Dale Earnhardt, Jr.’s failure to move onto the next round in the Chase Grid might perhaps be the best thing to happen to the Chase detractors who want to see the end of it all. I mean, Earnhardt was doing so well and was poised to potentially win his first career Sprint Cup Series championship, a huge storyline for a sport trying to pull in and maintain a mainstream audience. Now that Earnhardt is out of the running for the championship, NASCAR executives have to change things, right?
Actually, I think NASCAR is getting exactly what it wants.
Consider the final few laps of last weekend’s race at Talladega Superspeedway. Brad Keselowski and Jimmie Johnson, two drivers who were nearly unanimously on everyone’s grids for the final four, were in danger of missing the next round. Unless they went to Victory Lane, they would be shut out from the Eliminator Round and any chance at winning the championship would be therefore … eliminated.
So it wasn’t all that surprising when both of them were at the front of the pack with under 10 laps to go, aggressively trying to reach the lead and stay there. Keselowski, depending and benefitting heavily from the presence of teammate Joey Logano (who was already guaranteed a spot in the next round), found himself side-by-side with Ryan Newman on the last lap. Somehow, some way, he was able to hold onto the lead, block several lanes of traffic, win the race, and keep himself in the running for another title. The final few laps were worthy of a quickened pulse, and it delivered.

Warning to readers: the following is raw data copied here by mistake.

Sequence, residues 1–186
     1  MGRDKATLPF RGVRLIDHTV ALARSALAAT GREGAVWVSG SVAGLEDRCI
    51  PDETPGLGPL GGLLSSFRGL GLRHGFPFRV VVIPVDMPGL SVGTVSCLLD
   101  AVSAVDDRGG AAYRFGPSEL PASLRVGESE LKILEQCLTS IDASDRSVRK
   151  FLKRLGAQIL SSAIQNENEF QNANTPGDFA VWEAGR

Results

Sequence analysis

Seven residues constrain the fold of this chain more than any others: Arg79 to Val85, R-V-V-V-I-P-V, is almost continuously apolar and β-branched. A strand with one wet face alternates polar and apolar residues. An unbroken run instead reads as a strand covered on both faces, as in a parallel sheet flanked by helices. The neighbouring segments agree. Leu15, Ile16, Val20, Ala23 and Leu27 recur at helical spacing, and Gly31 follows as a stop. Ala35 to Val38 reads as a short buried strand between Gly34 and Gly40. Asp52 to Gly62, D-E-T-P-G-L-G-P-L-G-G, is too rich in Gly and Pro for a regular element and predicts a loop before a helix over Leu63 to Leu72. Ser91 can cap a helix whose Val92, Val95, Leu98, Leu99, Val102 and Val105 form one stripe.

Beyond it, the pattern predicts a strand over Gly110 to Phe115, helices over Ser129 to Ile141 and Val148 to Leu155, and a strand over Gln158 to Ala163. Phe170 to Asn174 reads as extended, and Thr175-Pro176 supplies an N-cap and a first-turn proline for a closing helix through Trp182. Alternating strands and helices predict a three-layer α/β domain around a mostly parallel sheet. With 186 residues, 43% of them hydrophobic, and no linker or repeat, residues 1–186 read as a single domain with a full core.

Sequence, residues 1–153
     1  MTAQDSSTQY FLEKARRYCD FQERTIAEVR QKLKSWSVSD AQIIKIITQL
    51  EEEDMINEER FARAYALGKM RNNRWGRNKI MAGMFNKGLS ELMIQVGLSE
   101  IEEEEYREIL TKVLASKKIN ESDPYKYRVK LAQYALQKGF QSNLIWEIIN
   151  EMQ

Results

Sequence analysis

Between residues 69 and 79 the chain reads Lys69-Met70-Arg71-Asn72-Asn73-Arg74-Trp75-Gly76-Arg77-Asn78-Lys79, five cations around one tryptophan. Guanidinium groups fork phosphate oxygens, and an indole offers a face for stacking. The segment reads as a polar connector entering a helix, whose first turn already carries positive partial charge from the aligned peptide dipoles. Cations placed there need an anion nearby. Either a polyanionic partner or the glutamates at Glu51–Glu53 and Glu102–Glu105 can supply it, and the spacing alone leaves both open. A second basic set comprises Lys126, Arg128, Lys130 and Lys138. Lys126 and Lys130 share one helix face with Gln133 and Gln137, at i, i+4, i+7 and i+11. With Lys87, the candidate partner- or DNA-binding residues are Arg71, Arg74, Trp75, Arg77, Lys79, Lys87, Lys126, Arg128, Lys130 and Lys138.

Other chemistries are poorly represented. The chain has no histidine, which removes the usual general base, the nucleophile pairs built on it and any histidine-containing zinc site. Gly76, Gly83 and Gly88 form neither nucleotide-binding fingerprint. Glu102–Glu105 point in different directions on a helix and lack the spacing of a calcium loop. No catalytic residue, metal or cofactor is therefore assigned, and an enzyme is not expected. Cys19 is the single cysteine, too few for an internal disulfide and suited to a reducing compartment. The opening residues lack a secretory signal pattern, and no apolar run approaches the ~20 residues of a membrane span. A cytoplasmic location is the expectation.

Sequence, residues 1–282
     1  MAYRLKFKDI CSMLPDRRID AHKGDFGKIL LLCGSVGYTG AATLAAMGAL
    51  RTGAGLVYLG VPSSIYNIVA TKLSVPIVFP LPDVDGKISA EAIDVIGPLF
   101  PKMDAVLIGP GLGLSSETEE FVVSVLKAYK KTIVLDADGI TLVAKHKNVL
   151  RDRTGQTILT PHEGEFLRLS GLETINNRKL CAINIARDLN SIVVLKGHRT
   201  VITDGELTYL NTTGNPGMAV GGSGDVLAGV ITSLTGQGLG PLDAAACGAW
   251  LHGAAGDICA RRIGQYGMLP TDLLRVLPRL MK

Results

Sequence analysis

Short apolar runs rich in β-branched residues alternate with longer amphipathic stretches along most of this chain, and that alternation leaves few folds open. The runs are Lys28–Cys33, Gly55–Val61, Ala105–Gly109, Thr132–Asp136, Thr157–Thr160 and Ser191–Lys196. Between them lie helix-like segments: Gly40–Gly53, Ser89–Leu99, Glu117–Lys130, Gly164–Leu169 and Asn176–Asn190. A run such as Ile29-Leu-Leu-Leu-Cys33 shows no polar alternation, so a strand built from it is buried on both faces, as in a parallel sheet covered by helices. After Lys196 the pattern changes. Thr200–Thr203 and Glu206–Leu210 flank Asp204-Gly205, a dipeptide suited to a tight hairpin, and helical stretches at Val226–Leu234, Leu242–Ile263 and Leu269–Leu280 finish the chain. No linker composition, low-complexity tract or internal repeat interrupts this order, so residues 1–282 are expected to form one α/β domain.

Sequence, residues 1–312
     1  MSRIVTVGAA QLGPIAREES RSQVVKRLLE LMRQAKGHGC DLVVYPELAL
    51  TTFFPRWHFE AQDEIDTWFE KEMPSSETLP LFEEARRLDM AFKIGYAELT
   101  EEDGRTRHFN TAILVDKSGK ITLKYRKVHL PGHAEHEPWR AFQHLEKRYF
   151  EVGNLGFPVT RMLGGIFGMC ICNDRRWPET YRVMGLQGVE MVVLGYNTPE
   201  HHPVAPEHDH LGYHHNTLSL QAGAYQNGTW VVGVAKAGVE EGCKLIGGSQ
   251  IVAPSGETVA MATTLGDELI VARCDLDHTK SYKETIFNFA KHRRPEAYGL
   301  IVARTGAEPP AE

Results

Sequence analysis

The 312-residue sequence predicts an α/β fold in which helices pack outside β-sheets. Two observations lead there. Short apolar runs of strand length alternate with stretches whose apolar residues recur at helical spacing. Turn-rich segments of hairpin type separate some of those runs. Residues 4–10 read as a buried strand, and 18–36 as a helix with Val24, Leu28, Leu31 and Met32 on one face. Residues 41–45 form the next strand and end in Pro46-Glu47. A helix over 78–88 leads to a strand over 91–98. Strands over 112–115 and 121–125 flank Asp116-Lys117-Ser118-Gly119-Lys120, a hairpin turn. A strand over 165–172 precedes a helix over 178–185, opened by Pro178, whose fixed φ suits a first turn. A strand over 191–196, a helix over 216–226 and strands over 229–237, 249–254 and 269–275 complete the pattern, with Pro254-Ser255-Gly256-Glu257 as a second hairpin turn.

Of course that means Johnson and, yes, Earnhardt were shut out. However, the race at Talladega played out exactly the way NASCAR wanted it to. The finish wasn’t just exciting because it was so close (though that helped). It was also exciting because several drivers up front were in must-win positions. This race meant something – the entire season, even – for three of the strongest teams in the garage area. Talladega generally provides great racing, but this new format put this date in a position of utmost importance. Win … or nothing.
Earnhardt’s absence from the Chase might be a loss for NASCAR, but I wouldn’t expect anything to change for next season. So far, the season is going exactly as planned.
Now onto the mailbox:
“Roger Penske basically admitted to team orders when he was in the media center after Brad won. After the bitch-fit NASCAR threw after the Richmond/MWR deal, how are they allowed to get away with that? Isn’t it basically the same thing?” Stephanie
Those are completely separate issues. First of all, Michael Waltrip Racing didn’t just ask teammates to assist one another in the race. They intentionally had Brian Vickers pull down pit road in order to influence the positions on the track, and, though this part was never proven, it appears that Clint Bowyer was asked to spin out on purpose in order to put Martin Truex, Jr. in a better spot to make the Chase. Those were manipulative behaviors in order to influence the outcome of the race and not simply helping a teammate advance their position through the draft or other means.
Also, even if NASCAR did have a problem with what went on last weekend (and they haven’t always taken very kindly to team orders), there isn’t much they could do at a track like Talladega, where teammates routinely work together in the draft. It’s just the way that style of racing works. If NASCAR reacted to every case of teammates helping one another, they would have to react to nearly every driver in the field.